Filled with known and new facts, I was just as happy to be able to sit down and look forward to filling my tummy. And what better way to do this than to head off into town with the entire group and crash into a local diner? An alcoholic cocktail for those who brought their passport, otherwise no luck. You can be as gray as an old fox, no proof of your year of birth, no alcohol for you. Some percentage later and a hamburger heavier, half of the group called it a night, the other half disappeared into the dark and vibrant streets of the city. But, what happened in Orlando stays in Orlando. After all, we never did get a clear and consistent explanation of what occurred that night.
Day 4: Basketball game
On day 4 there was a basketball game planned for the evening: Orlando Magic versus Miami Heat. That meant our schedule was clear until 4 PM. Research by a colleague brought to light that it was the last weekend of the Daytona Harley Motorcycling Event. The alternative was alligator spotting in the Everglades. Simple math steered me to the motorcycle event. Even though I am not that much of a Harley fan (or any other motorcycle for that matter), I thought my chances of survival were higher when facing a Hells Angel instead of an alligator.
I have a vivid memory (and bruises) of the Uber driver getting us there. This time, we ended up with a man we all guessed was 45 to 50 years old. It turned out he was a 65-year-old veteran and a hell of a storyteller. Some of the things he told us wouldn’t even make an R-rated movie. As a former basketball player, I am used to receiving some elbow hits. Our storyteller had the nasty habit of throwing in an elbow or two himself. And in his enthusiastic way of ending a story, those punches landed, 65 years or not. He dropped us off a few blocks away from the main street and after a small walk along the shore, we headed towards the main attraction.
Never ever have I seen so many normal and custom-built bikes together. Some of them equipped with a stereo installation that could be used in a dancing, others with a rough looking female co-rider able to produce the same number of decibels.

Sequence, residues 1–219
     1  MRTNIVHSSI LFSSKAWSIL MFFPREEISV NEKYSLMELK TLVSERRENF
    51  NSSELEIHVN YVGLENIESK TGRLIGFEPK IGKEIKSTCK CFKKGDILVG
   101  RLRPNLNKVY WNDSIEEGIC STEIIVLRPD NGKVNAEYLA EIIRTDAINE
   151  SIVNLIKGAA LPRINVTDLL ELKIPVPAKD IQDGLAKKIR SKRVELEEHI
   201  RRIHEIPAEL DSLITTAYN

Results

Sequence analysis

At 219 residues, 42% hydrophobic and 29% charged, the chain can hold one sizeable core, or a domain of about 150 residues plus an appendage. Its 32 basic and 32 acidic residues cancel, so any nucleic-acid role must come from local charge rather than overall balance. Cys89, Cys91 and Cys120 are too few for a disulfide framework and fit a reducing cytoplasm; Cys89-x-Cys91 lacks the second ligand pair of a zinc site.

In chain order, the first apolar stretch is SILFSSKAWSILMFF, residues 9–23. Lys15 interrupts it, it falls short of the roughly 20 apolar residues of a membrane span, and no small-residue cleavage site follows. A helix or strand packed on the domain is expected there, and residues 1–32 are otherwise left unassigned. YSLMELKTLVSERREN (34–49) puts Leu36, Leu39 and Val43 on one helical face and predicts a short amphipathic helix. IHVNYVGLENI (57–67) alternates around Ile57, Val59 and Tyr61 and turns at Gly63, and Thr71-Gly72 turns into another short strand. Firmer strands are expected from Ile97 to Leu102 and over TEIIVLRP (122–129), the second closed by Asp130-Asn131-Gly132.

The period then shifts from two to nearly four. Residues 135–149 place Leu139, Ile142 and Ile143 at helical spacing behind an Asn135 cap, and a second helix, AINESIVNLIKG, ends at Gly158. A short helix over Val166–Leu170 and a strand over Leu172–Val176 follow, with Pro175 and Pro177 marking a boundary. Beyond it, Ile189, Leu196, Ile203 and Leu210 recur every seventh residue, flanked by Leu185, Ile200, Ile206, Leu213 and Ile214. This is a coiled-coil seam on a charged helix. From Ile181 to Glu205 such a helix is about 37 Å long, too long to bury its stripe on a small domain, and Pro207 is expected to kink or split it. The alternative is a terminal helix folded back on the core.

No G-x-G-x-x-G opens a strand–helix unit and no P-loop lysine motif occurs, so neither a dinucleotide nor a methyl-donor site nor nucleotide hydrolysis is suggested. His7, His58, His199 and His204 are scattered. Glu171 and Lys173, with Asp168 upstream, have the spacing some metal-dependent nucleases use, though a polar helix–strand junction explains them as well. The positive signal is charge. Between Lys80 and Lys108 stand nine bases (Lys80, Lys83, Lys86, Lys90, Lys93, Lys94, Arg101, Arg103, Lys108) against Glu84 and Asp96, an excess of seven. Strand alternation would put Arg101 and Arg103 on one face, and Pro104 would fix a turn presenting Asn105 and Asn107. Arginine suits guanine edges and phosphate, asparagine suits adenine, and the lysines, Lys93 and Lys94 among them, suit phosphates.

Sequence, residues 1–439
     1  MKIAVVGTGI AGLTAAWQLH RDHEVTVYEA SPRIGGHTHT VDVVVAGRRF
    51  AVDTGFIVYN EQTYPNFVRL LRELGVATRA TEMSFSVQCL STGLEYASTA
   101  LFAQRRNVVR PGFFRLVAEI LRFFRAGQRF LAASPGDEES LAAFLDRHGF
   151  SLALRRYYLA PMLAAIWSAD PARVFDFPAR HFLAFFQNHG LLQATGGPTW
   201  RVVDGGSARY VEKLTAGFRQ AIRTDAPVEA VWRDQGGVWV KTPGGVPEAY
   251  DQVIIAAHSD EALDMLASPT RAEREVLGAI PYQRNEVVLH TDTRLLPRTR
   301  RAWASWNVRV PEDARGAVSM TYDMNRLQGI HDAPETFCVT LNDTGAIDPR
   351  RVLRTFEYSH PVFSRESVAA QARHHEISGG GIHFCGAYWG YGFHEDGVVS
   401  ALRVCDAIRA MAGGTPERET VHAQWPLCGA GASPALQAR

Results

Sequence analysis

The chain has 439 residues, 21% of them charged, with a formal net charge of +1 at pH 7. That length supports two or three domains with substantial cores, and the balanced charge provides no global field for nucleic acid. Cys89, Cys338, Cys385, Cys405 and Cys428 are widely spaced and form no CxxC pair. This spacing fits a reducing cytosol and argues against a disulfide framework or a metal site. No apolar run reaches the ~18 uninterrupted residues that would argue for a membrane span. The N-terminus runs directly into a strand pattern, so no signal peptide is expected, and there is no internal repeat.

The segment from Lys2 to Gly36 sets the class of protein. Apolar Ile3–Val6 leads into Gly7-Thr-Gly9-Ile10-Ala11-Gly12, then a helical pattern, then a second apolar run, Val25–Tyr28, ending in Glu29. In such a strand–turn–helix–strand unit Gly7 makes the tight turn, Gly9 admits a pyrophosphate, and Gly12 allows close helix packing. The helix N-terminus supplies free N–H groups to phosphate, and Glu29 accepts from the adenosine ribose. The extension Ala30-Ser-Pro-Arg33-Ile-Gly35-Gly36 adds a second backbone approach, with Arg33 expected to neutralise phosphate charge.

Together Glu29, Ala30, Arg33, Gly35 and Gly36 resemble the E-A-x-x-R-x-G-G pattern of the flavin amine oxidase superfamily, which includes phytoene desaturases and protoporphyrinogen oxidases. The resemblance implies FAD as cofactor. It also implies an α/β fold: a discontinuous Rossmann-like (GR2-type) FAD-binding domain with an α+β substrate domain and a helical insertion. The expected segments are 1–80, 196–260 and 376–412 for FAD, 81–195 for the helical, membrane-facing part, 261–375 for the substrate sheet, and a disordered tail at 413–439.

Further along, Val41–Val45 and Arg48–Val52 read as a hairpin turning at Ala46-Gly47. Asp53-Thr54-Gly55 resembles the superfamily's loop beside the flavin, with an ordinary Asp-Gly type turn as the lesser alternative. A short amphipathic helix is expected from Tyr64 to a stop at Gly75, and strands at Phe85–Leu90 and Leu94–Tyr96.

After several hours in the main street gasping at all that loud violence driving past, we went to the beach to see a rocket launch from Cape Canaveral. Lady Fortuna was not kind to us as the launch was postponed and cancelled that day. But as I prefer my glasses always half full, I got to see the friendly side of the Daytona residents. Strolling along the beach, we met 2 people throwing a football (the American version, not the European one) at each other. I wondered aloud if they would pass me the ball if I held out my hands toward them. And behold, a 20-meter pass landed straight in my hands, lucky me still remembered to put my thumbs behind the ball (thank god for basketball training), otherwise I would’ve come home with a broken nose.
One of them taught me how to throw a football and so the afternoon ended on a positive note, me learning another skill.
Lingering around the beach and waiting for the launch caused us to return a tad too late. We told the Uber driver we needed to be back in Orlando before 4 PM to be on time for the basketball game. As everyone was leaving Daytona at the same time all main roads were congested. Fortunately, we had a driver who lives in the area and knew the back roads. On that drive, we saw the lesser blessed part of society. Poverty, as you probably all have seen before on TV, cuts in deeper if you actually see it in person.
Thanks to the Uber driver – who wondered why Belgium hadn’t already conquered Luxemburg and thought we actually lived in the European castles – we got back in time. A quick rinse in the shower and I was ready to root for home team Orlando. An NBA game is something different from a basketball game in Europe. The entertainment before and during the game is mind-blowing. You do not have a single minute of rest. We’ve seen a good match with a heart-pounding ending. A buzzer-beater tied the score, and we were blessed with extensions. Orlando, said to be the lesser of the two teams, won with a score of 126 – 114.
Day 5: Orlando - Brussels
Last day in Orlando, Florida. We still had half a day. Our flight left in the afternoon. What should we do? Go into town? Visit a mall? Is that something I want to cross from my bucket list? Nope, too tired and I needed some alone time. It was 22 degrees; the sun was shining and the water in the pool was calling my name. I took it easy and charged my batteries for the trip to come. We were flying overnight to Brussels, so that could’ve been a heavy trip if I wasn’t able to sleep during the flight.
Suitcases packed, final check of the room and the door closed for the last time. What happened in Orlando stays in Orlando, but we couldn’t.
Everyone who didn’t have the name Ben Desmet on his passport had to go home. The lucky geezer extended his stay to Dallas to visit an old schoolmate.
Jealous as I was, I could take peace in the fact that he too had to come back to Belgium one day and the fact that I had a tremendously good time with twelve other people I’m proud to call ‘my colleagues from Sirus’. I thank each and every one of you for being so unique, bringing different insights and still fitting perfectly right in in the world of Sirus.